Z. Mamedyarov (firstname.lastname@example.org),
Primakov National Research Institute of World Economy and International Relations, Russian Academy of Sciences (IMEMO), 23, Profsoyuznaya St., Moscow, 117997, Russian Federation;
A. Polivach (email@example.com),
Primakov National Research Institute of World Economy and International Relations, Russian Academy of Sciences (IMEMO), 23, Profsoyuznaya St., Moscow, 117997, Russian Federation
Australia looks similar to Russia given its large territory, huge natural resources and deep involvement in the international trade of commodities. Despite its substantial dependence on commodity prices, Australia demonstrated uninterrupted economic growth during the last 26 years. This article analyses main causes of such a success. The free floating exchange rate regime, which was introduced 35 years ago, is usually mentioned by Australian sources first of all. They suggest that the ability of AUD to appreciate in time of commodities boom and to depreciate when it is bust provided an offsetting effect was vital for the Australian steady economic growth. However, the same sources often point out that the actual exchange rates of the AUD were rarely strictly consistent with the terms of trade. Given that, the authors argue that the floating exchange rate regime was not the sole factor with an automatic counter-cyclical effect for Australian economy. Significant and far-reaching changes in the monetary and fiscal policies were made in this country to ensure the desired results of the floating exchange rate regime. These changes (free capital movements, inflation targeting, committed reduction of budget deficits, prudent banking supervision etc.) have built confidence among non-resident investors in Australian economy. As a result, in times of falling commodity prices the Government of Australia had much less problems with finding extra resources to counter the GDP contraction. Another outcome was that non-residents became less inclined for quick flee from Australian assets. Finally, the local banks became more sustainable to conduct monetary and fiscal stimulus to the economy in times of crisis. The authors stress the significance of the innovation policy in securing steady development of Australia’s economy. Growing numbers of innovation-related policy measures and initiatives in Australia reflect its government commitment to diversify factors of economic growth. Country’s innovation policy anticipated role is to become a vital new counter-cyclical factor and its major objective is to build a flexible and creative economy of Australia, which is ready for new challenges in the period after the boom in commodity prices. Based on their findings the authors suggest what Australian experience to offset volatility of commodity prices can be of particular use in Russia. These are floating exchange rate regime, free cross-border capital movements, welcome to internationalisation of the local currency, expanding borrowing in the local currency in the off-shore markets, effective banking supervision, consistent and consecutive innovation and R&D policy.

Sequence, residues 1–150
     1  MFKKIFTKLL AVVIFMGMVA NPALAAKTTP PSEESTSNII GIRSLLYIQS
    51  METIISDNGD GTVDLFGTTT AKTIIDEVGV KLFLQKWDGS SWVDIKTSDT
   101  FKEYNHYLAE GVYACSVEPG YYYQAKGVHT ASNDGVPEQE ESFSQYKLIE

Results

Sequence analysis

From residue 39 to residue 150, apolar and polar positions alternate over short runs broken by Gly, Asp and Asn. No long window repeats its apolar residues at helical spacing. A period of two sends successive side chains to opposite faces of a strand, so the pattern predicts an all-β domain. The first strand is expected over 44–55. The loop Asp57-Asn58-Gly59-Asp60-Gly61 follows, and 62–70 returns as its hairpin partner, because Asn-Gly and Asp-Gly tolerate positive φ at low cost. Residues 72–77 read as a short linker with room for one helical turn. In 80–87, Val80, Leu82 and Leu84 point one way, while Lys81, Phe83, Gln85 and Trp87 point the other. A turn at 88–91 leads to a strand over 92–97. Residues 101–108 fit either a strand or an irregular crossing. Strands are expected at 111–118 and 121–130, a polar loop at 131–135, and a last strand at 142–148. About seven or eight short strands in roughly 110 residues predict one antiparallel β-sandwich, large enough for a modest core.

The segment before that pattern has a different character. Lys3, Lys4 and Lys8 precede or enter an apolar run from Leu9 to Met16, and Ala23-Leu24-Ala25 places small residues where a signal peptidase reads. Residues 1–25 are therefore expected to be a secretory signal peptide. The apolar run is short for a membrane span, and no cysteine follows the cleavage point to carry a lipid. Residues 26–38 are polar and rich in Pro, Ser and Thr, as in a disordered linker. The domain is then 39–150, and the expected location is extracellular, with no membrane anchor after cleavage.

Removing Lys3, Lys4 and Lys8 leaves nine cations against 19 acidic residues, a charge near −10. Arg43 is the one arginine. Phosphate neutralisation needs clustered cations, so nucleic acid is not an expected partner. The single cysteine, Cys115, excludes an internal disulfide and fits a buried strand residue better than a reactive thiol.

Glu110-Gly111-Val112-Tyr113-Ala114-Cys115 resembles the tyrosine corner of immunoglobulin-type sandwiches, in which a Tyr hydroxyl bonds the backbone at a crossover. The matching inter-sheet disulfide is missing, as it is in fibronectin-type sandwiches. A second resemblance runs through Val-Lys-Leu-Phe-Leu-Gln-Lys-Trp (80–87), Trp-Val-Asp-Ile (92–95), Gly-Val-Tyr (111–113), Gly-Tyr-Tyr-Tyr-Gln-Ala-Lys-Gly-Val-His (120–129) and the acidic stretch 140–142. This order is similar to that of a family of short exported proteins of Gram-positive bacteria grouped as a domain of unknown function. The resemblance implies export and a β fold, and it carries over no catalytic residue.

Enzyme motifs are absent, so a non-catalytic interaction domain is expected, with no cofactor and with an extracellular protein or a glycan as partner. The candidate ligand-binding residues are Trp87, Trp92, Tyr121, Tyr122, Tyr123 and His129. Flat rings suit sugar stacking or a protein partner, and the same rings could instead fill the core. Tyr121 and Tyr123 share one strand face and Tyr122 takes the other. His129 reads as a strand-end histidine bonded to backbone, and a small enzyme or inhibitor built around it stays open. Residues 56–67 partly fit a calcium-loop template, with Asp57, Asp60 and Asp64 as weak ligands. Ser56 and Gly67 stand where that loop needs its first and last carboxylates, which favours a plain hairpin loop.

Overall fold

Australia, economic development, exchange rate policy, commodities exports, dependence on international markets, innovation policy, research and development (R&D)
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